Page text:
Monday, June 06, 2005

From Sermons on Subjects of the Day
by Venerable John Henry Newman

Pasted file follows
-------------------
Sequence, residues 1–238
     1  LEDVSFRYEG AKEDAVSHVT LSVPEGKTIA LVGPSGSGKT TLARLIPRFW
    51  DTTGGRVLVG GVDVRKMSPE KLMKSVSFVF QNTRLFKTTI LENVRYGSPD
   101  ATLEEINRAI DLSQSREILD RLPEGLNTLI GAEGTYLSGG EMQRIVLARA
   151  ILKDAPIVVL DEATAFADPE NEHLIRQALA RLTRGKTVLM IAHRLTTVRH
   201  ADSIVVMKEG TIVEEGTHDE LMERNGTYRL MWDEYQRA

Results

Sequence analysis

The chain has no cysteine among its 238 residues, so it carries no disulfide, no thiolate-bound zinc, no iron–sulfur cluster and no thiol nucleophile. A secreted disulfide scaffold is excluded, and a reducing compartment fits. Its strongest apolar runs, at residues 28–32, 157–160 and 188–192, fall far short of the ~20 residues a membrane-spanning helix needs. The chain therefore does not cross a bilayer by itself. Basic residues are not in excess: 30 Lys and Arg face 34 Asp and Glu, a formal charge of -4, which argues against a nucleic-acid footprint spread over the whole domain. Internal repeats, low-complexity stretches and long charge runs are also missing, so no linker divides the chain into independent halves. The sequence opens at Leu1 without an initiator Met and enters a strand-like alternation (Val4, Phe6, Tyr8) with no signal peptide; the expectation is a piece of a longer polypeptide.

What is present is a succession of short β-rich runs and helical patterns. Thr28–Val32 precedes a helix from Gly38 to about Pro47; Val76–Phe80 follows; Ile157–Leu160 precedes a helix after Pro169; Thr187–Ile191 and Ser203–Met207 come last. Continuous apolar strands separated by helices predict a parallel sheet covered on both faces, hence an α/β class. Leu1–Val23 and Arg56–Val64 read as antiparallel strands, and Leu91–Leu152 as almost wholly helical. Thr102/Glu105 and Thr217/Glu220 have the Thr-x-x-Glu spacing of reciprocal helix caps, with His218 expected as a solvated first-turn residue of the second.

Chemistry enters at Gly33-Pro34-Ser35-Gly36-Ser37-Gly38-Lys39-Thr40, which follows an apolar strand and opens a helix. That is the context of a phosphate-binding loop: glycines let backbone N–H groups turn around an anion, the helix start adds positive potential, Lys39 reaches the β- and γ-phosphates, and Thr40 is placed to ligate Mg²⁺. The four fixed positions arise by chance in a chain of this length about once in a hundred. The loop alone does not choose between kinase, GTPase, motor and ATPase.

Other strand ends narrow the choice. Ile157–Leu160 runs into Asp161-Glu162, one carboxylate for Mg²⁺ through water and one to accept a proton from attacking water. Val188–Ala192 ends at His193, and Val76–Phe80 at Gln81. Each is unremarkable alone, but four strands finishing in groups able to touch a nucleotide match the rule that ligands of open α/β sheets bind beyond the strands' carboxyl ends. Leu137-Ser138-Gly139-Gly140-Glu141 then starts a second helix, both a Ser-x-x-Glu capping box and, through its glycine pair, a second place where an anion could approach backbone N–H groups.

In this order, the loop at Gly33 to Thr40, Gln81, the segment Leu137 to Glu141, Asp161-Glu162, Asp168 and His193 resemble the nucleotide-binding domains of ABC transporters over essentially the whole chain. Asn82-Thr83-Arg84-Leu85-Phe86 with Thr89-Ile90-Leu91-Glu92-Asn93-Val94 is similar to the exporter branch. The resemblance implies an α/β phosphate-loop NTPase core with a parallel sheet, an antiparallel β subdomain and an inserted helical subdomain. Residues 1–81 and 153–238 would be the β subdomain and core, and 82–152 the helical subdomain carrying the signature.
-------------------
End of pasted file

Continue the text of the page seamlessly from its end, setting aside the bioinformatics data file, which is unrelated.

Such, I say, was the joy of the first disciples of Christ, to whom it was granted to suffer shame and to undergo toil for His Name's sake; and such holy, gentle graces were the fruit of this joy, as every part of the Gospels and Epistles shows us. "We glory in tribulations," says St. Paul, "knowing that tribulation worketh patience, and patience experience, and experience hope, and hope maketh not ashamed, because the love of God is shed abroad in our hearts by the Holy Ghost which is given unto us." [Rom. v. 3-5.] Again, "Even unto this present hour we both hunger and thirst, and are naked, and are buffeted, and have no certain dwelling-place, and labour working with our own hands: being reviled, we bless; being persecuted, we suffer it; being defamed, we intreat; we are made as the filth of the earth, and are the off-scouring of all things unto this day." [1 Cor. iv. 11-13.] How is the very same character set before us in the Beatitudes, so holy, so tender, so serene, so amiable! "Blessed are the poor in spirit, for theirs is the kingdom of heaven; blessed are they that mourn, for they shall be comforted; blessed are the meek, they which do hunger and thirst after righteousness, the merciful, the pure in heart, the peace-makers, they which are persecuted for righteousness' sake." [Matt. v. 3-10.]


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